Titles are important, particularly with compilation albums, and there are several ways you can do them. There’s the scene-setter, like Warp’s classic Artificial Intelligence series, which frames the album’s contents; there’s the title-as-advert, where the voice of the enthusiastic compiler is present when you encounter the record, shouting Now That’s What I Call Music at you, or, in the case of last year’s excellent London jazz comp, We Out Here; and then there’s the Ronseal format – Numero Group’s Eccentric Soul series, for example, compiling soul music that’s somewhat eccentric in nature.
Apparently opting for the third method, Kraut Jazz Futurism hints that it might contain some futuristic jazz from Germany, and indeed, a handful of the tracks here fulfil that brief perfectly. (Before going any further, incidentally, is it definitely still okay in 2019 to describe music from Germany as “kraut” when, only a few weeks before this album is released, Vote Leave is being forced to apologise for using the same word as a xenophobic slur? After all, it would be a bit weird to call a compilation featuring Etienne De Crecy and Laurent Garnier Frog House, and plenty of the original practitioners of krautrock have publicly rejected the term. Then again, this is a record featuring German nationals – or allies thereof – and compiled by German national Mathias Modica, who can obviously call himself and his compatriots whatever he likes in the spirit of solidarity or affection. Anyway, back to the record itself.)
So it’s perhaps no surprise, then, that the tracks here that have three ticks – German, futuristic, and jazzy – are also the most appealing. Topping the pops is C.A.R.’s ‘Dick Schaffrath’, all sinewy synth tones and super-dry drums, with a bracingly cold, single-chorded sense of tunnel vision, its experiments with texture falling just the right side of the line that separates the accessible from the impenetrable, and its vast swathes of space creating an addictive sense of sci-fi void. That rejection of flashiness while maintaining the jazz spirit of improvisation and adventure within musical form is also nicely realised in Torben Unit’s ‘Free’, where modal harmonic weirdness, polyrhythmic manipulation and seductively alien atmosphere combine to excuse the slightly whiffy voiceover (“Show me a piece of your mind!”) at the beginning. Both Niklas Wandt’s and Keope’s appearances, too, remind us rather elegantly that jazz needn’t be a noodle-fest, and that efficiency and economy, even in contexts as free as percussion jams (the former) and unplanned synth workouts (the latter), are still as musically powerful as maximalist virtuosity.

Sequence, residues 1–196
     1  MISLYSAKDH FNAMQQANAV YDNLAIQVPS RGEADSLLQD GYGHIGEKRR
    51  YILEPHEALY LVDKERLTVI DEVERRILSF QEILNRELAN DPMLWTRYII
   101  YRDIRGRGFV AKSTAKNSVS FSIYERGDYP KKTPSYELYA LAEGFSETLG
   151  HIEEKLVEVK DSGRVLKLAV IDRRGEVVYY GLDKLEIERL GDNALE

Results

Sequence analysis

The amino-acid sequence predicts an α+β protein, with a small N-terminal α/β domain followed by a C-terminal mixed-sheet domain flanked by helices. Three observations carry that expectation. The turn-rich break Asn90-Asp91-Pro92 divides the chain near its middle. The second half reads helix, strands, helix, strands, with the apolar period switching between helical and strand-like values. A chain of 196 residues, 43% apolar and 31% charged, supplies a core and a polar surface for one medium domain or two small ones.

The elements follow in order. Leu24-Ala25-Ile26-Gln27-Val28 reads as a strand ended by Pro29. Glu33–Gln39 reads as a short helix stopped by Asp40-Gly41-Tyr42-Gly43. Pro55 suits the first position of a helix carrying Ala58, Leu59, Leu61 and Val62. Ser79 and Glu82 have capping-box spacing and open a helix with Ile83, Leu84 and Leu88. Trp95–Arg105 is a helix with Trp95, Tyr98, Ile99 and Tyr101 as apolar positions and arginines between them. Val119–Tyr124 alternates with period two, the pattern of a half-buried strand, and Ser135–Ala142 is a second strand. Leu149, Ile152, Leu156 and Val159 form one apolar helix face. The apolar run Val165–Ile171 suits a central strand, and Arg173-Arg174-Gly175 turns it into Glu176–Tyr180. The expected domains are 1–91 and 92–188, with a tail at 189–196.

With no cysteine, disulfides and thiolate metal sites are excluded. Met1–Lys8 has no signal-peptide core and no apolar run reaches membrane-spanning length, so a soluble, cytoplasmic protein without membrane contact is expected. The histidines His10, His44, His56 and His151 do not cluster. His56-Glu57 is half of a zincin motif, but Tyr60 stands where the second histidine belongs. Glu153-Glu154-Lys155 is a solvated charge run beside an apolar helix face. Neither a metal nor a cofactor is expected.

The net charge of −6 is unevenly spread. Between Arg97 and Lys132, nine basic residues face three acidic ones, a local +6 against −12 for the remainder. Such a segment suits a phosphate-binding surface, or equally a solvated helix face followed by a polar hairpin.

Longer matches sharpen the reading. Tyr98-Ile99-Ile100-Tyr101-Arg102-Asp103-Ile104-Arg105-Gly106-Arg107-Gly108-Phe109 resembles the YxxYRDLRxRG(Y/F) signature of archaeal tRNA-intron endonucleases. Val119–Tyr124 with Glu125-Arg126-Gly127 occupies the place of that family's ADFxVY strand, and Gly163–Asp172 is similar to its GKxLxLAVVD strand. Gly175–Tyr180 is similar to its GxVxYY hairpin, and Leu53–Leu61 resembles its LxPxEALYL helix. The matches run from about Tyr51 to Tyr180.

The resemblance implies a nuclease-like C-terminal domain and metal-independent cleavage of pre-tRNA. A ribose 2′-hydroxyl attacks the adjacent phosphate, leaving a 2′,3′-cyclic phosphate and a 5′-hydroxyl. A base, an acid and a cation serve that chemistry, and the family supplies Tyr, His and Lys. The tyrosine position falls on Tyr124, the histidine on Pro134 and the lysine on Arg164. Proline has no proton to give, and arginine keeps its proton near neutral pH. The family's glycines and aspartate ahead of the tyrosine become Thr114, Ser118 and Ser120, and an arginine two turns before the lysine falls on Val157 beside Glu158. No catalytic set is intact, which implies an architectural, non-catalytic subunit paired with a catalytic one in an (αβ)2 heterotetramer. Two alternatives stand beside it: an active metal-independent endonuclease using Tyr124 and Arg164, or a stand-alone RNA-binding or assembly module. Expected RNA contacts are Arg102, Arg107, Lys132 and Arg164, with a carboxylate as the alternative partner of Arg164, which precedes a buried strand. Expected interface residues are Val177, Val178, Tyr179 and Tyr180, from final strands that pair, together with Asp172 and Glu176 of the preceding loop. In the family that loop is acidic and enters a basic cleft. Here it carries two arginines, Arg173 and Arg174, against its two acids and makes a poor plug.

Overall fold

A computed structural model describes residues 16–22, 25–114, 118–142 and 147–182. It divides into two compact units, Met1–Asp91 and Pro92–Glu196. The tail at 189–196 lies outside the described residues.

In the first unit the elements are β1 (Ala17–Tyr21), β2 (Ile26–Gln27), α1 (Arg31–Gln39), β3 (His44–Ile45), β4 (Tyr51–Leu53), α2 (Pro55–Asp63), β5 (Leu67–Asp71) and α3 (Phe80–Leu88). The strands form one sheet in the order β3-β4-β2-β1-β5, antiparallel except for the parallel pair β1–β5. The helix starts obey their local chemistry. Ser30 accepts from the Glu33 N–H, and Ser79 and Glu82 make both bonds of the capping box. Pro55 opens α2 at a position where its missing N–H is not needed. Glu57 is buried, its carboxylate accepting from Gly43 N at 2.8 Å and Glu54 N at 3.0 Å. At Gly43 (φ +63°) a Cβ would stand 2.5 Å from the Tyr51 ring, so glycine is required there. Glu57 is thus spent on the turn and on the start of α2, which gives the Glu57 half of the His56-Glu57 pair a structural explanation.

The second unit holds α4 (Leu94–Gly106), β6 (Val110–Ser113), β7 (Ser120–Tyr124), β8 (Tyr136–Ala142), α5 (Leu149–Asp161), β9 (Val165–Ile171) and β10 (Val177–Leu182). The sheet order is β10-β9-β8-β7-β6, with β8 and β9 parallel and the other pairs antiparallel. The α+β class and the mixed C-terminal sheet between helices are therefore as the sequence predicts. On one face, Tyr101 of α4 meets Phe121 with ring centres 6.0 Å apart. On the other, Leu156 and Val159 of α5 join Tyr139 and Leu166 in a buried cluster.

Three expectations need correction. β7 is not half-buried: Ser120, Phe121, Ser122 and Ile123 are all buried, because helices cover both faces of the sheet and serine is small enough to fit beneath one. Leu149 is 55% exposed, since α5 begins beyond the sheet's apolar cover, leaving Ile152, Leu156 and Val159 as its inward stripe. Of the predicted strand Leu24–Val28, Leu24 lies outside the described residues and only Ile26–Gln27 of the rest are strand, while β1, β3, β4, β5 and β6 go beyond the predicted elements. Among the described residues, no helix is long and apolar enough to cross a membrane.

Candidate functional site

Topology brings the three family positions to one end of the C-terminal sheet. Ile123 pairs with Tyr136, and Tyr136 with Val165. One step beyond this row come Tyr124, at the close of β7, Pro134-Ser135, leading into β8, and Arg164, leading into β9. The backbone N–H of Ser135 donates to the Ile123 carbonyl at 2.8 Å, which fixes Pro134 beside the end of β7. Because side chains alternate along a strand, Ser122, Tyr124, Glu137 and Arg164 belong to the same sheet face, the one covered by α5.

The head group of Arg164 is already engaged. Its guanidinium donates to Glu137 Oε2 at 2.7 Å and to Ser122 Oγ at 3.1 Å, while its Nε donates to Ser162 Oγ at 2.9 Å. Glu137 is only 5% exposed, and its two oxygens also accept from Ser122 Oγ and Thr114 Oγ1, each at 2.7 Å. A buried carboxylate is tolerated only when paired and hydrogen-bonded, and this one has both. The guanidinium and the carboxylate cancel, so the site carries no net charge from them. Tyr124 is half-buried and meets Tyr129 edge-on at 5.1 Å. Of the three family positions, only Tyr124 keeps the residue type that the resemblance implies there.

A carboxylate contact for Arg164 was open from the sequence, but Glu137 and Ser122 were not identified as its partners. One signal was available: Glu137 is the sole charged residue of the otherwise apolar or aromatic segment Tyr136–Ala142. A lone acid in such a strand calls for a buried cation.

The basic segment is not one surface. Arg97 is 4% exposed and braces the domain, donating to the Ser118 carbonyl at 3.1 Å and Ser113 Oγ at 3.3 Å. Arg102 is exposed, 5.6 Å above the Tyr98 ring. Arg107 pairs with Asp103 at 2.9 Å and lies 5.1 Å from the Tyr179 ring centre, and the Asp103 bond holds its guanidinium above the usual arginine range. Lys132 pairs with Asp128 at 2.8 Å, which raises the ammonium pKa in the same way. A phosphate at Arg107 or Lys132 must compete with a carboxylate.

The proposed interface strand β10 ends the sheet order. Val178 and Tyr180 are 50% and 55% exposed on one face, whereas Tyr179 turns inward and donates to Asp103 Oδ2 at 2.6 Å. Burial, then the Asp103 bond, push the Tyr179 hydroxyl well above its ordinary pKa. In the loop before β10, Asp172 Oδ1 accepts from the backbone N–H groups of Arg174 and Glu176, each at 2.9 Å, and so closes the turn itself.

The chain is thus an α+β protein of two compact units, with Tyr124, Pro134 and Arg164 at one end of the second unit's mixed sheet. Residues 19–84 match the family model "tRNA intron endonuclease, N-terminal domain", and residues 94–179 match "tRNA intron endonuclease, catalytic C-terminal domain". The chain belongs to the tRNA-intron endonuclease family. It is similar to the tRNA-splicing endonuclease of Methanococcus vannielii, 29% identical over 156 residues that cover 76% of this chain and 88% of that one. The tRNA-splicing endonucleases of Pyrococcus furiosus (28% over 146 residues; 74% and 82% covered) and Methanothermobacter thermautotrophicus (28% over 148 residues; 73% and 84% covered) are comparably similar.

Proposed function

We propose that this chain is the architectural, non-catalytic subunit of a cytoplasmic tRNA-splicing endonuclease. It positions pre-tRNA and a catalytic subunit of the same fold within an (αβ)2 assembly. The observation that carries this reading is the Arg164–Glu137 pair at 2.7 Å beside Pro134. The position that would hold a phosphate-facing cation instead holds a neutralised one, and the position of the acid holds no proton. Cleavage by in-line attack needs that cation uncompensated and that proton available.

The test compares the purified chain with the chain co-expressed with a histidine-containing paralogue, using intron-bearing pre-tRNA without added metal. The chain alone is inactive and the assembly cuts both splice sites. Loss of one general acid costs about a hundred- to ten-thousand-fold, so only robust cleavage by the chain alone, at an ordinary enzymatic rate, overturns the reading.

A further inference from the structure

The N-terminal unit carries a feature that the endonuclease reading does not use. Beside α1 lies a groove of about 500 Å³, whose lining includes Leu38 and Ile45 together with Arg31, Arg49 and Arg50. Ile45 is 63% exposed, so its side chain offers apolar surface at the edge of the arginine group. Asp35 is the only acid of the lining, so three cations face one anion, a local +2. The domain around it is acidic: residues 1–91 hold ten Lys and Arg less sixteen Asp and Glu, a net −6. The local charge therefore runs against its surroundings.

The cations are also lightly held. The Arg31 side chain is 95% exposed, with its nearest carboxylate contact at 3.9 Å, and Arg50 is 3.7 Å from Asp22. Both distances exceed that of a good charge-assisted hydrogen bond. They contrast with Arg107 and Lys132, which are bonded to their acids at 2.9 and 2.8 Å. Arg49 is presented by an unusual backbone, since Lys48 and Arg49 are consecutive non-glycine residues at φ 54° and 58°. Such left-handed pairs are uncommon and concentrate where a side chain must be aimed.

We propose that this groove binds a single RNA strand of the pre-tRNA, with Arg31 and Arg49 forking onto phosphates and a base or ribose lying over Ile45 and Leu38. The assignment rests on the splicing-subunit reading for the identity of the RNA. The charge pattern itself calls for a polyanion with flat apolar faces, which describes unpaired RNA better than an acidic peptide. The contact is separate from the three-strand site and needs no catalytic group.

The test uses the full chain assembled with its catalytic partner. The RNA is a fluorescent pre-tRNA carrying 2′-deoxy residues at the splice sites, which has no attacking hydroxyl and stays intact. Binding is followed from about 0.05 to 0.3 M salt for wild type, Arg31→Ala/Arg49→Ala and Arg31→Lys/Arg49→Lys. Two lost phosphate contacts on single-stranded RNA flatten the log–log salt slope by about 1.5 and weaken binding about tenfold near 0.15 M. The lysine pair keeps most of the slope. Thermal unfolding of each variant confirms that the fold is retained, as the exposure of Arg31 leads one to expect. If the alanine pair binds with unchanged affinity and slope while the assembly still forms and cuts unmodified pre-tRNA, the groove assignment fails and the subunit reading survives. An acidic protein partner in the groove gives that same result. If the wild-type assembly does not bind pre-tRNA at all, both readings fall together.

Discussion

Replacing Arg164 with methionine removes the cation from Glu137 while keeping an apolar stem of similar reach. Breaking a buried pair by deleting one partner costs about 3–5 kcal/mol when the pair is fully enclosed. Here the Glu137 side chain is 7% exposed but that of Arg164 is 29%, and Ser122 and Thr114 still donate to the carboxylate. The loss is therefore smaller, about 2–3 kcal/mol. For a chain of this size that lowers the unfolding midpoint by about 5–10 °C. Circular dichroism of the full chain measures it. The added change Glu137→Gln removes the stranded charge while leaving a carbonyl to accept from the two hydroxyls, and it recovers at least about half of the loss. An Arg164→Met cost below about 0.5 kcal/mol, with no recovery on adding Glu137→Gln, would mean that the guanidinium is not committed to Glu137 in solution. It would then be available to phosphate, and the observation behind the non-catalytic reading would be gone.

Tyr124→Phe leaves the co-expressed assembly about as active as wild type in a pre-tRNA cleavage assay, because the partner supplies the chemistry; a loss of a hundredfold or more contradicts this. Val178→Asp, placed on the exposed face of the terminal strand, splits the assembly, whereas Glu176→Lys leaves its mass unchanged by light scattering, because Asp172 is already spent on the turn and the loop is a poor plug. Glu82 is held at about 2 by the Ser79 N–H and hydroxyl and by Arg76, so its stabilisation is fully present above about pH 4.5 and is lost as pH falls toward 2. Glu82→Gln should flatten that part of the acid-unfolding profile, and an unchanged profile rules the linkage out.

Elsewhere, though, things are a little more hit and miss. Salomea’s ‘Magnolia Tree’ feels emblematic of much of the compilation, in which instruments are expertly played and recorded, but any flecks of soulfulness or human emotion feel ersatz at best, the players more concerned with showing off their chops than pouring out their hearts. Ditto JJ Whitefield’s ‘14/08’ (what’s with jazzers naming their tracks after their non-standard time signatures?) where the worst cliches about German creativity – cold, clinical fetishisation of technicality over passion – begin to bubble up. When this tendency restricts itself to brief mood music – the Arabian scales and film-soundtrack vibe of Shake Stew, for example, or the delicious groove on Karl Hector’s ‘Orange Man’ – the precision bite covers any lingering smugness; when it’s drawn out over the 12 minutes of the Andromeda Mega Express Orchestra, however, the relentless presentation of high expertise quickly dulls the senses.
At least these are clearly jazz-inspired, though, even if they lack much in the way of futurism. Other tracks, by contrast, appear to have been included simply on account of their Germanness, not that that’s necessarily a bad thing: Stimming/Lambert’s piano deconstructed through studio trickery and weed smoke, and Sissi Rada’s combination of saxes with dusty grooves of old soul records both evoke Massive Attack on the happy pills, and a pair of fairly straight-up indie numbers, too – the dream-pop of Oracles, and David Nesselhauf’s afrobeaty post-punk – are enjoyable, even if they feel like they’re at the wrong party.
Of course, eclecticism is the meat and drink of every good Spotify playlist, but within a conceptualised compilation such meandering leaves Kraut Jazz Futurism feeling a little lost. On the one hand, there’s something here for everyone (even those not really into jazz or futuristic-sounding music), and in that way it’s an excellent sampler record, a gateway to somewhere else. As a standalone piece of work, however, it falls foul of a title that’s writing cheques its contents just can’t cash. For all its appeal to Ronseal transparency, Kraut Jazz Futurism doesn’t really do what it says on the tin.
Support Loud And Quiet through the COVID-19 crisis
If you are able to and would like to support what we do through the current global crisis, please consider buying an archive issue from our online Shop, or making a donation via our Subscribe page. Many thanks.